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Portlander looks to Kickstarter to fund bike turn signal idea

Posted by on July 29th, 2011 at 10:56 am

The YouTurn

One glaring way that bicycles lack the same presence on the roadway as cars is in their lack of adequate lighting systems. In particular, bicycles don’t come equipped with one of the most basic and important lights that cars have — turn signals.

Portlander Jack O’Neal hopes to change that.

O’Neal, 32, is an Afghanistan war veteran who is currently attending Portland State University to get a degree in mechanical engineering. He has developed a cycling accessory called “YouTurn,” which fits on your hand and automatically displays a large yellow arrow in the direction you want to turn. The device is motion-activated (it uses technology from smartphones) and works when the rider puts out their hand to signal a turn.

Fed up with he saw as a “void in the cycle light industry,” O’Neal says his invention has potential because it does more than a standard bike light and it’s less bulky and cumbersome than other bike turn signal lights that have come on the market.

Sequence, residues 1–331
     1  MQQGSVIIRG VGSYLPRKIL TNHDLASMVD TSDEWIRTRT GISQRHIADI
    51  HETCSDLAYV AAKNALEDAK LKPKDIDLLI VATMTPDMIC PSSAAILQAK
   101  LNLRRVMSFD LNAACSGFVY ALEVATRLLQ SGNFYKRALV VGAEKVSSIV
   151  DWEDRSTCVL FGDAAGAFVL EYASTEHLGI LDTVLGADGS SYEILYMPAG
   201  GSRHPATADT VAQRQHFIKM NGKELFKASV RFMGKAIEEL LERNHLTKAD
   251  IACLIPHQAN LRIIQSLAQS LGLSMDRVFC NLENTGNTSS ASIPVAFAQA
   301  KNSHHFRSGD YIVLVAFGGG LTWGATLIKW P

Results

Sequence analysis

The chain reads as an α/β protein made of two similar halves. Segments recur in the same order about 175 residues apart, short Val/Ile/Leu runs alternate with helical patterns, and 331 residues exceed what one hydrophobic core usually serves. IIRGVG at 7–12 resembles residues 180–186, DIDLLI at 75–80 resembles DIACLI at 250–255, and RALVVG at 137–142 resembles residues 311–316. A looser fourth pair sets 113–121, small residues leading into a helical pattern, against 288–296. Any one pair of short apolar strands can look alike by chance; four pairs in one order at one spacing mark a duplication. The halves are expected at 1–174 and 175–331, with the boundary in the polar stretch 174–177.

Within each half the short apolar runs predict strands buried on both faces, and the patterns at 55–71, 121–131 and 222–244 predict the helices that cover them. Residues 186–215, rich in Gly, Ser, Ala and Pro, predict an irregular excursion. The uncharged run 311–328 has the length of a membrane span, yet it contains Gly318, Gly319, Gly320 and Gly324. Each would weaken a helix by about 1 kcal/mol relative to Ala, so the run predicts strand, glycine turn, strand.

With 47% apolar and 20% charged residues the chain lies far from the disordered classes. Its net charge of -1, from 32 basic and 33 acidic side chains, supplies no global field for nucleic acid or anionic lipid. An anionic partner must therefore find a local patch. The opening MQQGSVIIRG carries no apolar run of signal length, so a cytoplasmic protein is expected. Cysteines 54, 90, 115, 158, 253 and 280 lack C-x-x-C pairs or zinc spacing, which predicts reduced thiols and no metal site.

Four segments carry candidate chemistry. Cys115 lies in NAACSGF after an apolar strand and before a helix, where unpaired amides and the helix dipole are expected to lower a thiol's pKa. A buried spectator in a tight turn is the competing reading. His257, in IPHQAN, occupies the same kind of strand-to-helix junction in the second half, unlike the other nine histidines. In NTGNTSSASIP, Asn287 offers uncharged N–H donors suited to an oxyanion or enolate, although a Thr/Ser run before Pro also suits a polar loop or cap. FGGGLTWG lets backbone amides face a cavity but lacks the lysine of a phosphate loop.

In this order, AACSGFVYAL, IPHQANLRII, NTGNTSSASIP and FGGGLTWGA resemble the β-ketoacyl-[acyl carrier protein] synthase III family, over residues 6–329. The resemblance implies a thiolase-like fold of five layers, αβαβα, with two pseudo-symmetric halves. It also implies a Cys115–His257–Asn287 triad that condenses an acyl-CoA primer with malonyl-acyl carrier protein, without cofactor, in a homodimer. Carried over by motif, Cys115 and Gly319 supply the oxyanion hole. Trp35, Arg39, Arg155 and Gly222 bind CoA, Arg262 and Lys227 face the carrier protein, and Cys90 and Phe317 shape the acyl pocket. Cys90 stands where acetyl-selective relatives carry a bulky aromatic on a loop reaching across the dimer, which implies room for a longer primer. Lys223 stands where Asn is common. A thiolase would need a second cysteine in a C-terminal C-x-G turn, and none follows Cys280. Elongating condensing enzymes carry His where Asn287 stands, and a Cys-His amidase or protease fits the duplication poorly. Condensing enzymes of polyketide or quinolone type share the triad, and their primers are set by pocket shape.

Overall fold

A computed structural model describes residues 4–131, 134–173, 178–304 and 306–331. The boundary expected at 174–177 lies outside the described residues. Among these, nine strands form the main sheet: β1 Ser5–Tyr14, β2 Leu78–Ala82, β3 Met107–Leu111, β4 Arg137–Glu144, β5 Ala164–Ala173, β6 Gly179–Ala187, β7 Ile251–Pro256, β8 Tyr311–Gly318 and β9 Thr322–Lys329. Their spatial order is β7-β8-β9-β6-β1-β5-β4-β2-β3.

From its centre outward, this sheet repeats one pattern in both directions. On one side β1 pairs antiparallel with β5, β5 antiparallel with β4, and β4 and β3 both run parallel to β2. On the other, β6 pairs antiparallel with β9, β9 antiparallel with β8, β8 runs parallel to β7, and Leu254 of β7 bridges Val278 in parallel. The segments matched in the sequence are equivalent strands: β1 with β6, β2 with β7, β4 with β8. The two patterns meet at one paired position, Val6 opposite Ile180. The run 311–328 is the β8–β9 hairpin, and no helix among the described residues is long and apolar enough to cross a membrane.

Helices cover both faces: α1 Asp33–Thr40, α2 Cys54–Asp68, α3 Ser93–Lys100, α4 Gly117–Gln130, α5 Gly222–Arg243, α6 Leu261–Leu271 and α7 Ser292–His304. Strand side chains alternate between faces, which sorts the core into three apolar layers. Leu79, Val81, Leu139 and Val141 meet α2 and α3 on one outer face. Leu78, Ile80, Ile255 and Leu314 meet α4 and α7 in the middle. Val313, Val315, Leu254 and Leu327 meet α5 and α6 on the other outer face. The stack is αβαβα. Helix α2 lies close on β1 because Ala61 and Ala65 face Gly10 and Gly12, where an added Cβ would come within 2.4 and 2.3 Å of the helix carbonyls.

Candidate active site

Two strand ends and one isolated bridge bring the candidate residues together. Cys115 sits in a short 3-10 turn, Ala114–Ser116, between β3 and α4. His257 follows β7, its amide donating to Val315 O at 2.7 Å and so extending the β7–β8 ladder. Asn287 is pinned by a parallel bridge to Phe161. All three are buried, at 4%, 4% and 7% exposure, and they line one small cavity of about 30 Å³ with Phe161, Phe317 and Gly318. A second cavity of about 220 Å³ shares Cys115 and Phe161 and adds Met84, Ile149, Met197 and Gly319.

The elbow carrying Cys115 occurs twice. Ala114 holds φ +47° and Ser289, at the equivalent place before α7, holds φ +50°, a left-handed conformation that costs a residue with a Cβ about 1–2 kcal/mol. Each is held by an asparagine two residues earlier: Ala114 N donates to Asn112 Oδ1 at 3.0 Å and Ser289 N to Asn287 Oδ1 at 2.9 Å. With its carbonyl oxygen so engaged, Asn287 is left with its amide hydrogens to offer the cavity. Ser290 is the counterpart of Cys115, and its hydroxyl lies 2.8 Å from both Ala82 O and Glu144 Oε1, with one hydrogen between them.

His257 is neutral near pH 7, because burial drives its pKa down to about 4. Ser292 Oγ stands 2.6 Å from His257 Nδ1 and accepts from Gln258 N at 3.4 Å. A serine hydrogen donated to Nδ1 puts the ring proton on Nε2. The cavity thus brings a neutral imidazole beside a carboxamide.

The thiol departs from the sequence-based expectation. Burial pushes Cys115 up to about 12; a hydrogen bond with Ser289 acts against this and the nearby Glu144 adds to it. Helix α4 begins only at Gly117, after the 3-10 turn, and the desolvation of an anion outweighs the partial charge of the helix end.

O’Neal has developed a working prototype (see it in the video below), and now he’s looking for help to finish the design and engineering required to bring the product to market. He has launched a Kickstarter campaign in hopes of raising $50,000 by September 24th.

Check out his Kickstarter page for more info and to back this project.

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  • Mindful Cyclist July 29, 2011 at 11:14 am

    Have to admit that is pretty damn cool!

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  • 9watts July 29, 2011 at 11:14 am

    I wonder if that will help put an end to the curious (and auto-derived) habit of raising your left hand to indicate a right turn?